Richard Burton, The City of the Saints, p. 190-191
Do you need to ride a bike up Big Mountain to appreciate the view. No. My suggestion is to drive. But speaking of bikes and cars and riding and driving, the closer I got to the city, the more cyclists there were; not travelers, like me, but folks out for some hill-climbing and exercise. You know, fun. Cars passed by more frequently, too, in both directions. Not all moved over as far as I would have liked. But the highway was narrow, and the sight lines often short. I couldn’t really hold it against anyone to keep to their lane, even if it meant driving closer than I would prefer.
The descent down the north slope of Big Mountain was a white-knuckle ride. I descended a hill like this in the Eastern Sierra Nevada Mountains (Janesville Grade) with another rider on the Gold Rush Randonnee. When we got to the bottom he said, “I need a cigarette.”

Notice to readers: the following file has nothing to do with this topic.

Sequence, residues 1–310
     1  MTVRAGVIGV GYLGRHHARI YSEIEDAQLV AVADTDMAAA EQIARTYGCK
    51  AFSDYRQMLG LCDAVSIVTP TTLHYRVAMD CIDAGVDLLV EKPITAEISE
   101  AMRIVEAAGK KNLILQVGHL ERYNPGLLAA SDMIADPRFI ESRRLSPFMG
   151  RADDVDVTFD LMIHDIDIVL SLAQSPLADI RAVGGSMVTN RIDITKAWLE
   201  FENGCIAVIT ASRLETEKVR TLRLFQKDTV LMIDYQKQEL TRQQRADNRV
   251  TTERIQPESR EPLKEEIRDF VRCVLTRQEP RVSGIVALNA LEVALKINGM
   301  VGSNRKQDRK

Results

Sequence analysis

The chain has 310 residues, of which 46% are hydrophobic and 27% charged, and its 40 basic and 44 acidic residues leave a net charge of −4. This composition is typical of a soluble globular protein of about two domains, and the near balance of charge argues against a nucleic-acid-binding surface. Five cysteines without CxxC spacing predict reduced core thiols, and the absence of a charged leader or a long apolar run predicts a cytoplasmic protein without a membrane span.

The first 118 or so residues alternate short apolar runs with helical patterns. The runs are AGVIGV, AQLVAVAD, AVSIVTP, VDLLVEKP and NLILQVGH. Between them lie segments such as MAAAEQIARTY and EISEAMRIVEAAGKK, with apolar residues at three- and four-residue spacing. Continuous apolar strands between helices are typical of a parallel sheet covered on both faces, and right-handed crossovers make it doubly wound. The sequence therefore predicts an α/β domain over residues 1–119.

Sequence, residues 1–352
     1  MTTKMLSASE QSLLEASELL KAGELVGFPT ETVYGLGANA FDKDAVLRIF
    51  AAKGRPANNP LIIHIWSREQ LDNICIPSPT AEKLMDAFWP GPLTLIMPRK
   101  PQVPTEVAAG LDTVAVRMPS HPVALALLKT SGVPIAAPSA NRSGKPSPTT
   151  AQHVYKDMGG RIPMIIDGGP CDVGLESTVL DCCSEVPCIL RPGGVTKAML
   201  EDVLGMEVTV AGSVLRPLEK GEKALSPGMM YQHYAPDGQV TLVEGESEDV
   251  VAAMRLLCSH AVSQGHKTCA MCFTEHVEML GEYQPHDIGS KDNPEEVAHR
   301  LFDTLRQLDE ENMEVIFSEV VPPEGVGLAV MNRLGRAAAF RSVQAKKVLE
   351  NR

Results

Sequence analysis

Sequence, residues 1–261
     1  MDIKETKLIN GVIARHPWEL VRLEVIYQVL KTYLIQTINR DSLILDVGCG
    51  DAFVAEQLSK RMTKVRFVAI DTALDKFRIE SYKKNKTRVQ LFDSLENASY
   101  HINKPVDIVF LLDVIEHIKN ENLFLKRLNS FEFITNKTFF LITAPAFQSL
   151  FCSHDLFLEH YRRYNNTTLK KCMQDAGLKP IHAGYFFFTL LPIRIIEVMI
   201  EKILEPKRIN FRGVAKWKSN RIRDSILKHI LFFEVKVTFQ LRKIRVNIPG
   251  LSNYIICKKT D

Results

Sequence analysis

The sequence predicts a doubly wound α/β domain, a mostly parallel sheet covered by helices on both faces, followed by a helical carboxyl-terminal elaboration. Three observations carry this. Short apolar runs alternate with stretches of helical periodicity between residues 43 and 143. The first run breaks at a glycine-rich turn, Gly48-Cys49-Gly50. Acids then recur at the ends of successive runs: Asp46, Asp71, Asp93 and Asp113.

I don’t get quite the same satisfaction out of steep descents. I was glad I had oversized disc brakes and rotors because I made good use of them here. The road was still narrow, so I held to the middle of the lane until I heard my radar beep. Without it, I would never have known cars were behind me for the whistle of the wind in my ears. Eventually the road flattened out into an area known as Mountain Dell. Dell Creek is dammed here to create two more reservoirs, Little Dell and Mountain Dell. Irene Paden again: